Can I eat fruit if I have diabetes?
Editor's Note: This Q&A was updated on February 24, 2013
Question: I've heard fruit has a lot of sugar in it. Can I eat fruit if I have diabetes?
Answer: Fruits are an extremely nutrient-packed food group. They are full of fiber, vitamins and minerals and are also low in calories and virtually fat and sodium-free. And yes, they do contain a type of sugar called fructose. Like sucrose and glucose, (i.e. table sugar, and the sugar found in sodas, candy, etc.) fructose does cause blood sugar to rise. However, unlike pastries, sodas, and the like, the sugar in fruit is balanced with an array of nutrients making it still a healthy food.
The key to including fruit in your diet and maintaining stable blood sugar levels is to control your portions. Limit your intake of fruit to 2 to 3 servings a day. A serving of fruit is approximately the following:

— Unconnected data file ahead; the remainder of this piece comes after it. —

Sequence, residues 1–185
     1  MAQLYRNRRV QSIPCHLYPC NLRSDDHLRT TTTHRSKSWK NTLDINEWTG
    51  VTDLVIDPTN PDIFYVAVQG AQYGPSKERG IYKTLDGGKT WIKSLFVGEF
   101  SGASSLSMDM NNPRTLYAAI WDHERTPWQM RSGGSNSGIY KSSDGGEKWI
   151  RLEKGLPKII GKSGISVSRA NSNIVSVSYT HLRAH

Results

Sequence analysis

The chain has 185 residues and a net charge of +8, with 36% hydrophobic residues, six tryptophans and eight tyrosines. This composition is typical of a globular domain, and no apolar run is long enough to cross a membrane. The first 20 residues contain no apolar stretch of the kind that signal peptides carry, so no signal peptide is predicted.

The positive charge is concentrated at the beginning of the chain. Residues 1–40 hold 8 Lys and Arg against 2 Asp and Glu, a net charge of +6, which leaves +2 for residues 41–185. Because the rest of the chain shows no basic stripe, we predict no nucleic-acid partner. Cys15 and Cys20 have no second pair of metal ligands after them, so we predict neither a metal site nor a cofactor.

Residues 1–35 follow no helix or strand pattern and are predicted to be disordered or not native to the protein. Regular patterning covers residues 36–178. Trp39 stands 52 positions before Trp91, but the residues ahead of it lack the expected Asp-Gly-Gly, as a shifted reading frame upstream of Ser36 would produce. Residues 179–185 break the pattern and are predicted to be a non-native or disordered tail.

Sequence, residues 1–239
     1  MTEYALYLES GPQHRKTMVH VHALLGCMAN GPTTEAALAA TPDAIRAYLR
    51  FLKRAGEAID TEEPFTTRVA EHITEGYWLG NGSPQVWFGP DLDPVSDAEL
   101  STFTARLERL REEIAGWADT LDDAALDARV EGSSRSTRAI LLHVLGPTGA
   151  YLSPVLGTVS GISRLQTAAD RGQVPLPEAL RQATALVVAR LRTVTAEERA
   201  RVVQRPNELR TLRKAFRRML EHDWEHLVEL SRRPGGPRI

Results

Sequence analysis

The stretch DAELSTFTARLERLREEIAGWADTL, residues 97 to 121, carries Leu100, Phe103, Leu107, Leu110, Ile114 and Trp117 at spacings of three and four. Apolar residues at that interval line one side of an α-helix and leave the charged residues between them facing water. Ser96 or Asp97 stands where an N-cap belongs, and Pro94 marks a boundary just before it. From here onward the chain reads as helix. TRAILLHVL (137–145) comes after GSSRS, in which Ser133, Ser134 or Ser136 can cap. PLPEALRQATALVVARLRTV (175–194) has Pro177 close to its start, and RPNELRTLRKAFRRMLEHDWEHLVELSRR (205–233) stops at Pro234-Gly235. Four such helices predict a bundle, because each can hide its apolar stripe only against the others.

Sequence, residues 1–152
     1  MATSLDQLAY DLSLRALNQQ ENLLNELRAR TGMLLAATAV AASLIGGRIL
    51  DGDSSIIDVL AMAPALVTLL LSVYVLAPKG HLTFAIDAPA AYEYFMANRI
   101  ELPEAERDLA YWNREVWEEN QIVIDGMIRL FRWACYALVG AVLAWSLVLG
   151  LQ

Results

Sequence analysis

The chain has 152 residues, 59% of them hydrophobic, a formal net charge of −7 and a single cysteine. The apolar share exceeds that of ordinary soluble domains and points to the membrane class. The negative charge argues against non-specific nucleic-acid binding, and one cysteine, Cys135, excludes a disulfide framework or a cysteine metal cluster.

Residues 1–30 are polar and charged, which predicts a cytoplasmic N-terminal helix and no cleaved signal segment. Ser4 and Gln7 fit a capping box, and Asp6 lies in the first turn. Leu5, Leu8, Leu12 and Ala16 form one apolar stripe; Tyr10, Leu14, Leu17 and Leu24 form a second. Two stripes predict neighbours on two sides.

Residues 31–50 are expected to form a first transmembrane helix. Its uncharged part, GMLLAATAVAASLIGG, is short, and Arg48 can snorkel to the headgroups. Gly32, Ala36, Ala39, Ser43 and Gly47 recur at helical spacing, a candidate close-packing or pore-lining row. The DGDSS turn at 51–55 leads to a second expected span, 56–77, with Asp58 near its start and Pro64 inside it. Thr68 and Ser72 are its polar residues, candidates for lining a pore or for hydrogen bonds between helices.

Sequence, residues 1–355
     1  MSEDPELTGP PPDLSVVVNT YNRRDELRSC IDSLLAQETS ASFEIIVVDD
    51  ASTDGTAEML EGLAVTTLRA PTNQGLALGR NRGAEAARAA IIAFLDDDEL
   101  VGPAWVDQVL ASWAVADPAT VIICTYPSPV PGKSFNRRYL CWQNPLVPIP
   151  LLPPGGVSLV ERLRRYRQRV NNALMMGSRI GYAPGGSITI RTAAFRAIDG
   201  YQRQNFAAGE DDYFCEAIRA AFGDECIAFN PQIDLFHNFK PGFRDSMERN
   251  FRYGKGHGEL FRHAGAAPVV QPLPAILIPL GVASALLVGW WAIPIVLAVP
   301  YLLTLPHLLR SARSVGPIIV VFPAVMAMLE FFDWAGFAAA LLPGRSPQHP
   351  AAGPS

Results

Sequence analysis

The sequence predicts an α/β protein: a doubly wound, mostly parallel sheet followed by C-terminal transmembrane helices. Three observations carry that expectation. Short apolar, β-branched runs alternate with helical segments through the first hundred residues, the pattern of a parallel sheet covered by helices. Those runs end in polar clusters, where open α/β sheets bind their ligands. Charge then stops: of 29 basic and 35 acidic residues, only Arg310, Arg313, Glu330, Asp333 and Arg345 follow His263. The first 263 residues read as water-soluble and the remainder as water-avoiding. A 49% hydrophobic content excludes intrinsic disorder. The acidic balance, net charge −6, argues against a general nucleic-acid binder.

- One medium piece of fruit, such as an apple or orange
- 1/2 cup of cut-up fruit such as melon or grapes
- 2 tablespoons of dried fruit, such as raisins
If you keep track of your carbohydrate intake, a serving equals 15 grams of carbs. In addition, choose whole fruits vs. fruit juice, and when choosing canned or frozen fruit be sure to select those with no added sugars, syrups, or sauces.
Grapefruit juice-drug interaction. Grapefruit juice has been shown to interact with 85 medications on the market. A list is available from the Canadian Medical Association Journal.
NOTE: After consuming fruit, blood sugar levels can vary from person to person. Depending on how your blood glucose levels react, you may need to adjust the portion size or potentially remove that fruit from your diet. If you have any questions or concerns about any type of fruit in your diet, be sure to discuss them with your physician.
Ask your physician or pharmacist about potential food-drug interactions if you are prescribed a new medication. Some foods can potentially interact with medications.